The future of a major art collection: When personal initiative and love of art becomes a public good
When the viewer enters the iconic, monumental space of the former Public Tobacco Factory as a cultural space, the viewer re-reads and examines the case for contemporary artistic humanism with personal beneficence. Presenting an internationally renowned collection of works by major contemporary artists generously donated to receive the benefit of public viewing in some of the most important museums in Europe and the United States.
The key influential value of the Dream On exhibition is the active role played by the collector of the works himself. The viewer reconstructs in his memory great moments from the presentations of the private collection of the entrepreneur Dimitris Daskalopoulos, back in 2010 when part of the collection of 400 works of which it is composed was presented at the Whitechapel Gallery in London in the exhibition Keep it Real.
And that was just the beginning. The internationally acclaimed philanthropist and art patron Dimitris Daskalopoulos has been and continues to be extremely active in presenting and supporting the arts in Greece as well.
For the second consecutive year, the cultural organization NEON, thanks to its founder, activates the emblematic space of the former Public Smokehouse as a cultural space. In collaboration with the Hellenic Parliament and with the support of the President of the Parliament, the Greek National Library of Thessaloniki, in cooperation with the Hellenic Parliament and with the support of the President of the Parliament.
Curated by the art historian and advisor to the Daskalopoulos Collection Dimitris Paleokrassas, the exhibition Dream On brings together 18 large-scale installations by international and Greek artists from the Daskalopoulos Collection and is complemented by 20 drawings. The viewer has the opportunity to come once again in contact with very important contemporary works, creating socio-political correspondences, as it is clearly evident that the political and social quest of the artists themselves was the driving force behind the choice of the collection. Their interaction with contemporary conditions and the commentary on them through their work results in an exhibition whose works function as provocative aesthetic “legacies”.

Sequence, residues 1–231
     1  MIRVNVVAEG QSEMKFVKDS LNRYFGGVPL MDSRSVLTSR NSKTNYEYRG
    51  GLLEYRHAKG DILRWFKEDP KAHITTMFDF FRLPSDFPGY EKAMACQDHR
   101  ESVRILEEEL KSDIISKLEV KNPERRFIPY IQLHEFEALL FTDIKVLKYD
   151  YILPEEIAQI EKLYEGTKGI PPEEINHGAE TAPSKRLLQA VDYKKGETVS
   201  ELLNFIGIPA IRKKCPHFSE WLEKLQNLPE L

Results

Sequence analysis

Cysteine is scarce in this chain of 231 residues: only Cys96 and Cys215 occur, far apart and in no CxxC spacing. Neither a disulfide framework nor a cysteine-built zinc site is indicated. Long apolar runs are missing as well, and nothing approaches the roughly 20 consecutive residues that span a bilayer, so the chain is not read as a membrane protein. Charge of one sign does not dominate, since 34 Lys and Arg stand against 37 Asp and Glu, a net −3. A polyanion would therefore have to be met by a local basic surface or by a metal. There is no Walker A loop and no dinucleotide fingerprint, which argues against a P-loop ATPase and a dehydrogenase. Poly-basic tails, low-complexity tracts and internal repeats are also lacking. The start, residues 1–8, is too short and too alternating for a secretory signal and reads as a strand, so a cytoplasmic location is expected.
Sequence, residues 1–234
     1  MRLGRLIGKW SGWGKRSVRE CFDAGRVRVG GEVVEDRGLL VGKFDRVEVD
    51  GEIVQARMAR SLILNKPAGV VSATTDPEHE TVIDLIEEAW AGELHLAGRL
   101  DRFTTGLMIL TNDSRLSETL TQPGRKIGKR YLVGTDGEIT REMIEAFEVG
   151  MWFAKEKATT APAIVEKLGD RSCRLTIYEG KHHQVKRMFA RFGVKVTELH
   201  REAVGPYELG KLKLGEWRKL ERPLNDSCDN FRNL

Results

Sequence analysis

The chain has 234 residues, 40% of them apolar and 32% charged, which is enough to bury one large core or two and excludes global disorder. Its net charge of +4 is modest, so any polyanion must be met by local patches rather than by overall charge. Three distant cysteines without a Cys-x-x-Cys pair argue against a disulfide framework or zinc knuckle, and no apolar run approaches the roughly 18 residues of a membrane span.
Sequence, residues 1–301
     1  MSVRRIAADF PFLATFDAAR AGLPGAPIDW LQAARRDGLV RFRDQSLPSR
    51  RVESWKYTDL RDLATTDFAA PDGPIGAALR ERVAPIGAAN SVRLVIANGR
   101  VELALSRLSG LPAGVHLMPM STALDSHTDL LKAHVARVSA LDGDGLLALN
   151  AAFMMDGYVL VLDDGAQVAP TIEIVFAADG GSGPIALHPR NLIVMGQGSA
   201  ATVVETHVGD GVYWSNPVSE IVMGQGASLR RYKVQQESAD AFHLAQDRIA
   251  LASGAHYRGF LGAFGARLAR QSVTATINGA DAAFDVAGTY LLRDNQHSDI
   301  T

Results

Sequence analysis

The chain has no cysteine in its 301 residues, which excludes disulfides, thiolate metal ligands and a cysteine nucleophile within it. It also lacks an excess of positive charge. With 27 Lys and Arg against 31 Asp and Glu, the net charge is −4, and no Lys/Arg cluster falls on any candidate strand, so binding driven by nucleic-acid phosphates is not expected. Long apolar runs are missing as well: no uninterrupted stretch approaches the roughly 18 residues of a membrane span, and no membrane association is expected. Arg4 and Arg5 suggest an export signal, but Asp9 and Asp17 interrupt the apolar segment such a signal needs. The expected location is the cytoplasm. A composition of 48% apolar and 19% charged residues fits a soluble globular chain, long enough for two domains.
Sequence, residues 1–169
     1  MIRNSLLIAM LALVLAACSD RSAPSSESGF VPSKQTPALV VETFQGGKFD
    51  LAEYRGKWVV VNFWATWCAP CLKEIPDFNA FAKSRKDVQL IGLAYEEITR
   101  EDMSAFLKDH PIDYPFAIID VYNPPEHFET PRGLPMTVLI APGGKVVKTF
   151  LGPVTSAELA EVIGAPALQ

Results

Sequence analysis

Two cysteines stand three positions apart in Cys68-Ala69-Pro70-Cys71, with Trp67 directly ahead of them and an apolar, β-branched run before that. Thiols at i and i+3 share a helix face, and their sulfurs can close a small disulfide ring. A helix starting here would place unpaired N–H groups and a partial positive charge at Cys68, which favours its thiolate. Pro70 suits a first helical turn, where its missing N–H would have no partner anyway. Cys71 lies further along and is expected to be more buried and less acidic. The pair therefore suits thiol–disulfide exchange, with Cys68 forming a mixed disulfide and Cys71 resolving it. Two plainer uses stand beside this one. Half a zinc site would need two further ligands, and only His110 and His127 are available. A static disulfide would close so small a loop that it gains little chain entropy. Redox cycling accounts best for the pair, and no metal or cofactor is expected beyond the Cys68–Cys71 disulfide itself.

According to Elina Kountouri, Director of NEON, “A characteristic of contemporary art is that it raises contemporary issues, political and social ideas, the concept of identity, ideology, globalization. Particularly in large installations, creators use a variety of media, often everyday or trivial materials, to create new environments that are experienced experientially by the visitor and engage them in unique, immersive experiences.
DREAM ON presents a selection of such important works, large-scale installations, most of which are presented for the first time in Athens, before following the journey of the D. Daskalopoulos Collection’s donation and being exhibited to an even larger audience.